When Will We Know Who Won the Election

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Although though the midterm elections in the United States were held days ago, the final results are still unknown, with officials around the country warning that it may be weeks before the outcome is known.

Due to a number of variables, including close margins of victory and the fact that Georgia, a crucial Senate battleground, will hold a runoff election, the process has been slowed down.

The dispersed nature of the United States’ electoral system also contributes to delays, as different states have different timelines and procedures for counting mail-in ballots.

Since the 2020 presidential election, when then-President Donald Trump sought to declare victory the next morning as votes were still being tallied, calling the ongoing vote count a “fraud” and a “embarrassment,” the topic of delays has been politically sensitive.

This week, Mr Trump has again raised doubt on the process, going to his Truth Social social media site to call many state polls “voter integrity disaster” and accused his political opponents of “trying to steal the election with defective machines and delay”.

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Mail-in and Early Voting

Preliminary data from the US Elections Project indicates that over 112.3 million Americans voted in this year’s midterm elections, which is almost 47% of all eligible voters. It’s true that this number is lower than the one from the 2018 midterms, but in several states it appears to have been an all-time high.

Early voting and mail-in ballots brought the overall number of votes cast in this election to 42 million, up from 39.1 million in the previous election in 2018. One of the main causes of delayed vote tally reports is this.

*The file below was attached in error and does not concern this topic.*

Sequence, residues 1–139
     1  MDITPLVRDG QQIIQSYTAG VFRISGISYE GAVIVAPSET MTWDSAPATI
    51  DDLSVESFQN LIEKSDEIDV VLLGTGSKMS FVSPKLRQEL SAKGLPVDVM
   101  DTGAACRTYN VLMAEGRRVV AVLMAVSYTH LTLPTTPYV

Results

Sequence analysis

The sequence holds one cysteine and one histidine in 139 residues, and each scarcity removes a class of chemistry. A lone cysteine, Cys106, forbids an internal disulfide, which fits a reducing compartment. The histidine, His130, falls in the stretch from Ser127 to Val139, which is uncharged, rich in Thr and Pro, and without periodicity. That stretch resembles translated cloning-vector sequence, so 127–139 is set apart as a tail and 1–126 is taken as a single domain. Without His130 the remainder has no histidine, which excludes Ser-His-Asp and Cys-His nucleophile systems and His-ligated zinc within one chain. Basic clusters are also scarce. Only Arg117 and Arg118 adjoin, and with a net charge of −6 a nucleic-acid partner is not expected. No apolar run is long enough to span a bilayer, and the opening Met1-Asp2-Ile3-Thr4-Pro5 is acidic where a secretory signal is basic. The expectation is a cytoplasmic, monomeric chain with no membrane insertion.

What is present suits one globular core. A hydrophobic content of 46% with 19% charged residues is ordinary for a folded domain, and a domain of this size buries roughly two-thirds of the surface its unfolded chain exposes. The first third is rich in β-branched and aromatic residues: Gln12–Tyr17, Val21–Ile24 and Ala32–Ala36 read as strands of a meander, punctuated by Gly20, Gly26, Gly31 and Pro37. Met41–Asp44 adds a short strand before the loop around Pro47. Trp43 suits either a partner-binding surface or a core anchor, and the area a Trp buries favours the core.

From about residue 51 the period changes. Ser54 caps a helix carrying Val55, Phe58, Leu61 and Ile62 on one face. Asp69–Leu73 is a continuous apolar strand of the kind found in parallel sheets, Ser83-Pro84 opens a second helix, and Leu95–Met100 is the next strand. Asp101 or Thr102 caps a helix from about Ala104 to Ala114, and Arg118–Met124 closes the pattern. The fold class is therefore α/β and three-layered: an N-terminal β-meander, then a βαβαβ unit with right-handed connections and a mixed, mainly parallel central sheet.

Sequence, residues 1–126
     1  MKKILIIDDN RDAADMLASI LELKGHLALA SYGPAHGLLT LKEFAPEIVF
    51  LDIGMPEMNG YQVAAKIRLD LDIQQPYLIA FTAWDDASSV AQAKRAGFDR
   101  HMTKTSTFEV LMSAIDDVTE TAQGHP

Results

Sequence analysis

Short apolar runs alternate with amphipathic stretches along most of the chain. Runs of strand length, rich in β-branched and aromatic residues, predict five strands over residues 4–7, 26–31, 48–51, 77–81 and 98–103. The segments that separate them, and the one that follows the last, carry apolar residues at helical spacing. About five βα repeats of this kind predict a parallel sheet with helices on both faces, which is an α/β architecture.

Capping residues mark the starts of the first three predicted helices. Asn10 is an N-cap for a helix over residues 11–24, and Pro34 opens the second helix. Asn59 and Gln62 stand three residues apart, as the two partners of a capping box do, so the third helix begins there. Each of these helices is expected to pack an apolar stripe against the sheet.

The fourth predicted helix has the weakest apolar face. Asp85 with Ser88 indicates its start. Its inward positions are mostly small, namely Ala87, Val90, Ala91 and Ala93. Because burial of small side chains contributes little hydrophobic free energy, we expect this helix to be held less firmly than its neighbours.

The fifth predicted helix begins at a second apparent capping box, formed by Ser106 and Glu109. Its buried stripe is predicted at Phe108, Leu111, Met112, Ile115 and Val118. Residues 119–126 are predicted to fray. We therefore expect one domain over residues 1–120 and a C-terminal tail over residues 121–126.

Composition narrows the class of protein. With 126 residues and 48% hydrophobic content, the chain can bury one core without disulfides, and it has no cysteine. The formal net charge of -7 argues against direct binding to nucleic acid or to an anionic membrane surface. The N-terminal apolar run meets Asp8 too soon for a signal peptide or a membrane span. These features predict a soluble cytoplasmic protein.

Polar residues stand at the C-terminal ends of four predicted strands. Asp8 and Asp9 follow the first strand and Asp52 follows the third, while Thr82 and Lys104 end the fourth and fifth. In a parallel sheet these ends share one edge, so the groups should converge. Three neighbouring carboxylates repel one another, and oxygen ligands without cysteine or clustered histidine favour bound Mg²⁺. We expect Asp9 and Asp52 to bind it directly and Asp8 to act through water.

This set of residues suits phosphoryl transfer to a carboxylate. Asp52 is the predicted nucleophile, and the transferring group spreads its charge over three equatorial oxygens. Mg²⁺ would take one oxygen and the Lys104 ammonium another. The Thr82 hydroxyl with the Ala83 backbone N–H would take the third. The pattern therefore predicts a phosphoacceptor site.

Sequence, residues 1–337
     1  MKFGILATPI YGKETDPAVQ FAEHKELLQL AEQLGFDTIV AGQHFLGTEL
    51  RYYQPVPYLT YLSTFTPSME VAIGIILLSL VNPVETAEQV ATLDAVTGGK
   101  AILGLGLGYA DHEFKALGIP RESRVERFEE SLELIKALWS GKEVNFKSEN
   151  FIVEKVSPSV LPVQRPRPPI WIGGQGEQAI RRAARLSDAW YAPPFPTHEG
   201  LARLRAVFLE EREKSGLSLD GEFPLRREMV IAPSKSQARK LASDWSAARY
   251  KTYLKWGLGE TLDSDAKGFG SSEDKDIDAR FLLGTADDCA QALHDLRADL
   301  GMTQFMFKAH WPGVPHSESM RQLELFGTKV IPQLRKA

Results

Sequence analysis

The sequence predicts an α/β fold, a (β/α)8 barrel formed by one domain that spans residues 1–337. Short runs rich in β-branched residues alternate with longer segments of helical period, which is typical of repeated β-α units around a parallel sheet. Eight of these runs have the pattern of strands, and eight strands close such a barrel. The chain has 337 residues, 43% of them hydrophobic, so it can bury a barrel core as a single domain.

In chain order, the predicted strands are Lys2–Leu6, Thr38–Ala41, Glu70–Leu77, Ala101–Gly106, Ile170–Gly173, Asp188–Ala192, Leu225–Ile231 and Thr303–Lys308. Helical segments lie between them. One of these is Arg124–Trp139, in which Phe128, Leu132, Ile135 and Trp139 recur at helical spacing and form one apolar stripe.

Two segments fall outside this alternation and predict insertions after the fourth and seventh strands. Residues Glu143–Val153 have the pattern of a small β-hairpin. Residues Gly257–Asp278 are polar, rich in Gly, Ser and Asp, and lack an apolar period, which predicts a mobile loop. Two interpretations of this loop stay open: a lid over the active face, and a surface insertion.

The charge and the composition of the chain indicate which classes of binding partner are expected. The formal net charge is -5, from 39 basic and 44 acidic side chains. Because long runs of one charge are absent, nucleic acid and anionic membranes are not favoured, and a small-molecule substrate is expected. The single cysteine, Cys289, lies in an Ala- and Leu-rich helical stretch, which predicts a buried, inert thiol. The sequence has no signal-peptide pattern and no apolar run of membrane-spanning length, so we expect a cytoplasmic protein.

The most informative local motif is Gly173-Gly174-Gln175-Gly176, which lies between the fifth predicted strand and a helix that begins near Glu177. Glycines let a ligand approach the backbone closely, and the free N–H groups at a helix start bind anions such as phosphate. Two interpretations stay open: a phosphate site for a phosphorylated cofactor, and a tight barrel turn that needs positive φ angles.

How ballots cast via mail are handled varies from state to state. Eight states, including Pennsylvania, did not allow ballots to be processed until election day. However, ballot processing in Maryland cannot begin until 10:00 a.m. local time on the day after the election, under state regulations.

Recounts and Run-Offs

Recounts, which are conducted in close elections or at the request of a candidate in several states, can also add extra time to the process. Procedures for requesting a recount vary widely from state to state, although they are legal in 41 states and the District of Columbia.

There is a mechanism for automatic recounts in twenty-two states. Both Democratic Senator Raphael Warnock and Republican Herschel Walker are in a close contest in Georgia, where the threshold for victory is 50% of the vote.

The two major party candidates in this week’s midterm election did not receive enough votes to avoid a runoff on December 6. This situation is a repeat of the state election in 2020.

“Everyone wants to know that we have honest and fair elections and we do,” Secretary of State Brad Raffensperger stated on November 9. “I urge voters to cast their ballots in this final election.”

We Probably Won’t Know the Winners on Election Night

It will take some time for results to come in for several races on election night. Election night, vote tallies for each candidate may change as officials in some areas continue to tally votes.

“It’s very probable we will know absolutely nothing on election night, and that’s typical,” said David Becker, creator and executive director of the Center for Election Innovation and Research.

Only with large margins or data like exit polling do individuals find out the results on the same day. After polls close, election workers in each precinct report the tallied results to the county’s central election office.

The state hears the outcomes from each county. Oftentimes, when results come in throughout the evening, both the county and the state will provide updates online. Votes cast by mail are still being counted by counties.

As ballots continue to be tabulated tonight and in the days after Election Day, vote totals are likely to change. According to MIT political science professor and expert in election administration Charles Stewart III, that change isn’t out of the ordinary and may be explained by two dynamics.

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Conclusion

At this point, millions of Americans will have voted either by mail or in person, and millions more will turn out to do the same. During this time of voting, the US election system has been under greater scrutiny than ever before.

It’s possible that crucial election results won’t be known until later in the week. In this sense, you’re perfectly typical.

Nonetheless, concerns have been raised that a number of candidates who have already planted seeds of doubt about the 2020 election may utilize this period of uncertainty to cast doubt on the validity of the results in 2022.

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